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News - AGI & IRRI Release a Reference Genome Assembly for Miracle Rice - News

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News : AGI & IRRI Release a Reference Genome Assembly for Miracle Rice
webmaster Posted on 2016/11/29 1:00:00 ( 299 reads )

Click to see original Image in a new windowIn honor of the 50th anniversary of Miracle Rice (IR-8) the Arizona Genomics Institute (AGI) ( and the International Rice Research Institute (IRRI) ( is proud to release* a reference genome assembly of IR-8 using PacBio RSII sequencing technology.

This work was funded by the AXA Research Fund to R.A.W. through IRRI.

(*Please note that our GenBank submission (MPPV00000000) is released under the Ft. Lauderdale agreement whereby the AGI/IRRI team reserves the right to publish a detailed analysis of the IR-8 in a forthcoming publication.)

News : Advancing rice varieties to feed burgeoning world
webmaster Posted on 2016/6/4 1:30:00 ( 856 reads )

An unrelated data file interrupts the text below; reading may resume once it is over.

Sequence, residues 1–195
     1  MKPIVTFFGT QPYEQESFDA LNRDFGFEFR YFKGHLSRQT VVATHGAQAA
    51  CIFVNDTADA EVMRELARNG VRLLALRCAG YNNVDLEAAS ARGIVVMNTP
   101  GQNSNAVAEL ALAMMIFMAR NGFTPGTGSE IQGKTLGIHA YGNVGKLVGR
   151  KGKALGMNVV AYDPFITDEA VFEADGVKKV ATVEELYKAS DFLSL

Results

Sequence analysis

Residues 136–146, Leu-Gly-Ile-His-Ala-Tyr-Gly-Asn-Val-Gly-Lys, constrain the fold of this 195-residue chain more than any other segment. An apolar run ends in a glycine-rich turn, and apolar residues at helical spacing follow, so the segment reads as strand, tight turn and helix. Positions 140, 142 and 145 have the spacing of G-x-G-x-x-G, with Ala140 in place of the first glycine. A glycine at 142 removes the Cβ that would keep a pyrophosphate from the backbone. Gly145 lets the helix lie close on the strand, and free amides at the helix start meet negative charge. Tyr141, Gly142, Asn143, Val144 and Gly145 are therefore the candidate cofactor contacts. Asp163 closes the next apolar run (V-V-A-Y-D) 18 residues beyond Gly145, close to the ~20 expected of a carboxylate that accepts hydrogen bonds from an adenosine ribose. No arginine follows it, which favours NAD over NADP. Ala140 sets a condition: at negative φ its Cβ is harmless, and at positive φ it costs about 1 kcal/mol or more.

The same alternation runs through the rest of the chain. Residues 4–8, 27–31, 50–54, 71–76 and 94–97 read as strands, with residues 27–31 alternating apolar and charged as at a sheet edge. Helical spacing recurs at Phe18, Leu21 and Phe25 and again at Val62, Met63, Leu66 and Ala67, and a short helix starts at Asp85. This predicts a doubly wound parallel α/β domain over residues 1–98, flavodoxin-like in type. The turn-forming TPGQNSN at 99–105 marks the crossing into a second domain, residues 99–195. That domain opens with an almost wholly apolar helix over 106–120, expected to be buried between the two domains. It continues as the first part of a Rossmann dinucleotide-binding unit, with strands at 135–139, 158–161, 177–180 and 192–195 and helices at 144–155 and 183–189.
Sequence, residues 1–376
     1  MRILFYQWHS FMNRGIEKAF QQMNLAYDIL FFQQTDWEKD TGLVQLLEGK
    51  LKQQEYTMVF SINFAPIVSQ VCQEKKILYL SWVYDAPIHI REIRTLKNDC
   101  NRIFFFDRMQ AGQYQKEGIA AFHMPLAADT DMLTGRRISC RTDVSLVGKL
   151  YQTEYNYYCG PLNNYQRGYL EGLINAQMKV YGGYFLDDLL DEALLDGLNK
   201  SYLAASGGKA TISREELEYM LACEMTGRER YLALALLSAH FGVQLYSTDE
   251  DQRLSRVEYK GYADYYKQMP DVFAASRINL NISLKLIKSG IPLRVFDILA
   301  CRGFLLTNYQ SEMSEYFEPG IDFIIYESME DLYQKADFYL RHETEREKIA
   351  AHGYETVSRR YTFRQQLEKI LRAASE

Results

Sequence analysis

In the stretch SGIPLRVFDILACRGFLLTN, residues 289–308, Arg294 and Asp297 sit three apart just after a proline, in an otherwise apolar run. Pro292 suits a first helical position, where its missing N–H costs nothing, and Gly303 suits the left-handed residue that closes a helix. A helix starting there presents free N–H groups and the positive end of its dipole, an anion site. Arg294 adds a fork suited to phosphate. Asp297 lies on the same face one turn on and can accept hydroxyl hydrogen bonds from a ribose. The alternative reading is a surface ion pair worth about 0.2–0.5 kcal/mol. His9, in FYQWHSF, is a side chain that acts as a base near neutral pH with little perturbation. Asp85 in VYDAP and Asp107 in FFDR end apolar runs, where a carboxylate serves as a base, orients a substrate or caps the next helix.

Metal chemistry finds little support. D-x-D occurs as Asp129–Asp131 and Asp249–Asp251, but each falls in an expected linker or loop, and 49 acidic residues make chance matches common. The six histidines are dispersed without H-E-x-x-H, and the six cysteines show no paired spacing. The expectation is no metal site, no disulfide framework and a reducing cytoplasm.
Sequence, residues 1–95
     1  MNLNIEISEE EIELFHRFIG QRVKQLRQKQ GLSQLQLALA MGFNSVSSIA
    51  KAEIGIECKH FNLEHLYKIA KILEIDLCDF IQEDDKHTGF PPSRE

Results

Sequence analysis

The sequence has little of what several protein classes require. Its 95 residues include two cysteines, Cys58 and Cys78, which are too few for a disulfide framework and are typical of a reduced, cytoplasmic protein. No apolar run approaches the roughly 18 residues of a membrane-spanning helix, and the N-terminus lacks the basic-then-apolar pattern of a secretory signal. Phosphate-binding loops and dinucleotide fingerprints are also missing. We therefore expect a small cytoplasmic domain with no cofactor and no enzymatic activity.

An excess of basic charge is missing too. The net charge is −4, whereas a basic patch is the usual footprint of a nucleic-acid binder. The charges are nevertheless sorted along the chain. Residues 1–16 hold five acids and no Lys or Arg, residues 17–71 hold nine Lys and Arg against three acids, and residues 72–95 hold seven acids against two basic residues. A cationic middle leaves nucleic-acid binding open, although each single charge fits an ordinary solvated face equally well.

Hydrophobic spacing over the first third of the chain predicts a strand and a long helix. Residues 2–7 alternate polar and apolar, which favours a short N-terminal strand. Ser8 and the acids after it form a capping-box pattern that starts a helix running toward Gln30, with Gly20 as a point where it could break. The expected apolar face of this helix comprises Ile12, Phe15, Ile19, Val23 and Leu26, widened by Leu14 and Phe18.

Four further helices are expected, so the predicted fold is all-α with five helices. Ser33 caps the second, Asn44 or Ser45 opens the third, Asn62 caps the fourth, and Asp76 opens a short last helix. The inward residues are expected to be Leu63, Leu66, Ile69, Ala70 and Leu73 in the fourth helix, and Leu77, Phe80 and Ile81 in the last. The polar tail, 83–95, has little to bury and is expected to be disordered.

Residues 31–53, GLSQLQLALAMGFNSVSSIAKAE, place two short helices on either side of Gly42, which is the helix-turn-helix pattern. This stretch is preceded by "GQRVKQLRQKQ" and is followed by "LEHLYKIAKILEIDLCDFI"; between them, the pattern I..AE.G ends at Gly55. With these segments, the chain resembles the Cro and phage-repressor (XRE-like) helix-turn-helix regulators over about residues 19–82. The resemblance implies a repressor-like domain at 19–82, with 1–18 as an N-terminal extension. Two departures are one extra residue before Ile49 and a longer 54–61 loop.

Lee Allen, Contributing Writer

It’s almost universally agreed that a perfect storm is developing and agriculture faces a gargantuan task - feeding the world’s population expected to approach the 10 billion mark by 2050.

And if that’s doable, the challenge is how to accomplish this while wrestling with variables including less land, water, farmer numbers, plus the impact of climate change.

The Arizona Genomics Institute (AGI) reports, “With increasing competition for land, water, and other resources, breeders must develop the next generation of crops that have less negative environmental impact and fewer input requirements.”

The Institute, based in Tucson adds, “Crops will be needed that grow with less water, fertilizer, pesticides, on poorer soils, and with less labor - and still produce high-yielding and highly-nutritious foods.”

Click to see original Image in a new window

News : The Rice Transposable Element database is available!
webmaster Posted on 2015/7/2 21:44:55 ( 1243 reads )

The Rice Transposable Element database (RiTE-db) collects repeated sequences and transposable elements (TEs) of several species of the Oryza (rice) genus, and the closely-related Leersia perrieri. In the current version, it contains more than 260,000 characterized sequences, of which 110,000 are full-length elements. Sequences can be browsed and downloaded, and all datasets are usable for remote Blast. All sequences can be used for scientific research upon citation of the source; the database is available at

News : UA's Rice Symposium Tackles 'People Question'
webmaster Posted on 2014/11/21 10:23:34 ( 2408 reads )

Rice will remain the primary source of food for half of the world, but the world's population is expected to grow by more than two billion in the next 35 years.